RobertChen.ca is the personal website of Robert Chen and an online portfolio of his works.
July 18 2010 21:20:44 GMT
Was chatting with lighthawk088 yesterday and since he was thinking of redesigning his website, it made me think "why not?" and redesign my own.
Minor changes to the front-end. Trying out a single-column layout. It doesn't look that bad actually! Also changed the background from a pastel-green to a pastel-lavender. I've done pastel-red before ... maybe I'll do a pastel-khaki (if I can find the correct RGB colour for it)
I like the new navigation bar ♥ All thanks to Eric Meyer's webpage on pure CSS popups. I spent hours wondering how the heck can I elegantly display the link descriptions in a horizontal bar layout.
I like my new header too ♥ Took a bunch of images that I took, jacked up the saturation, and used a "random image" PHP script.
The backend took a major overhaul. The old backend code was horrible with lots of code redundancy. The new code still has some redundant code, but 1. it's only a few pages, 2. it's much less redundancy than the previous design.
The old design was horrible. I broke the page up into segments (header, nav, footer, etc) and had a separate PHP include for each segment. Each webpage was a copy/paste + change content from the previous webpages. If I wanted the change the layout (say, putting the physical navigation bar code at the bottom for source-ordering), then I'd have to physically move the include on all the web pages.
OMG I don't even want to look at my old code anymore, that's how horribad it is v_v;;
The new back end further separates the concerns. Now the content, structure, and presentation are all separated. Presentation is still done through CSS. The HTML structure is now done through a templating file that takes raw content from XML files. Each former "web page" is now an XML file with 3 tags -- title (for the title tag and the h2 element in the main content area), description (for the meta description) and html (containing a CDATA blob).
This sounds all so simple but oh man it took so long to do. Especially since I wanted to have fun with XSL transformations. But noooo, my web host's PHP 5 configuration can't do XSLT. So I found some Perl CGI script that could do it but noooo it requires Perl 5.6 and my web host only has Perl 5.0. GAHHHHHHHH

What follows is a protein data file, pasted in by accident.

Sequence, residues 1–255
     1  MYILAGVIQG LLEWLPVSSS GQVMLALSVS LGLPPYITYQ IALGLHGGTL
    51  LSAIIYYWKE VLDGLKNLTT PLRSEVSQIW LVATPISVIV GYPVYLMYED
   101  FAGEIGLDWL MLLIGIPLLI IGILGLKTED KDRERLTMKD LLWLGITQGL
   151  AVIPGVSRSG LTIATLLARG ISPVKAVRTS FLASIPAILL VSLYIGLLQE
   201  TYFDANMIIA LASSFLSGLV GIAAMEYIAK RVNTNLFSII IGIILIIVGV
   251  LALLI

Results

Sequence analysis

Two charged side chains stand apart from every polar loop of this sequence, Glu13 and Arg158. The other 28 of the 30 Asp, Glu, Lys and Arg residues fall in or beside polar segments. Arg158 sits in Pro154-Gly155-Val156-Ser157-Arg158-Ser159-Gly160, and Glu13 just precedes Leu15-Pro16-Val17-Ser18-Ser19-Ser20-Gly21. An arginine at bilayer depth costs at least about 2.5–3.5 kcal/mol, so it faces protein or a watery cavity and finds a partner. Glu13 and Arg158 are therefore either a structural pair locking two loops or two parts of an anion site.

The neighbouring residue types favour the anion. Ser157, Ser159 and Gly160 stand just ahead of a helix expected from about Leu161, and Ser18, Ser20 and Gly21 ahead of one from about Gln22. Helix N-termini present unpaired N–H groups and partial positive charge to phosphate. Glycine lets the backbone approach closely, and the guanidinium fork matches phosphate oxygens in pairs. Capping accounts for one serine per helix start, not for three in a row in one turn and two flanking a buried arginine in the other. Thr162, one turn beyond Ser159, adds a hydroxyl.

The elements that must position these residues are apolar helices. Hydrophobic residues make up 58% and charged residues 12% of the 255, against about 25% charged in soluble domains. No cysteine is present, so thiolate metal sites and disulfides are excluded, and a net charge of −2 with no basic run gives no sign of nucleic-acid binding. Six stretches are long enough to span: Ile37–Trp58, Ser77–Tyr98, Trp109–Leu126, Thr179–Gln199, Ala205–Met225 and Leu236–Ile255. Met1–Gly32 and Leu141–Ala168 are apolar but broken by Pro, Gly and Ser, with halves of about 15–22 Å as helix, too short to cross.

(At least my web host was sane enough to include the uttermost basic PHP 5 XML support, or else even the current back end couldn't happen)
Also had some "fun" with .htaccess so I can have pretty flat links (e.g. /portfolio/ibm2008/) instead of ugly HTTP parameters (e.g. template.php?xml=/portfolio/ibm2008). This supposedly helps with search engine optimization o_o;;
So compared to the previous design where HTML code was duplicated on each web page, this current design keeps the HTML structure inside the template file. When the browser requests a web page, the XML data is mashed into the template to create the final product.
Except for a few places, such as the front page and the updates page that has PHP code inside the main content area. For some reason, the PHP inside isn't being parsed properly (it actually isn't even parsed at all).
But it isn't that bad! I've extracted all the HTML between the body tag to the start of the main content area into a separate file. So when I edit these "special case" webpages, it's basically the same as editing one of the XML files except that I have to remember to come up with a title and description. And in the future, if anything changes before the body tag, I'll have to also remember to manually make the changes on the "special case" web pages.
I guess in a sense, the XML is just syntactic sugar .__.;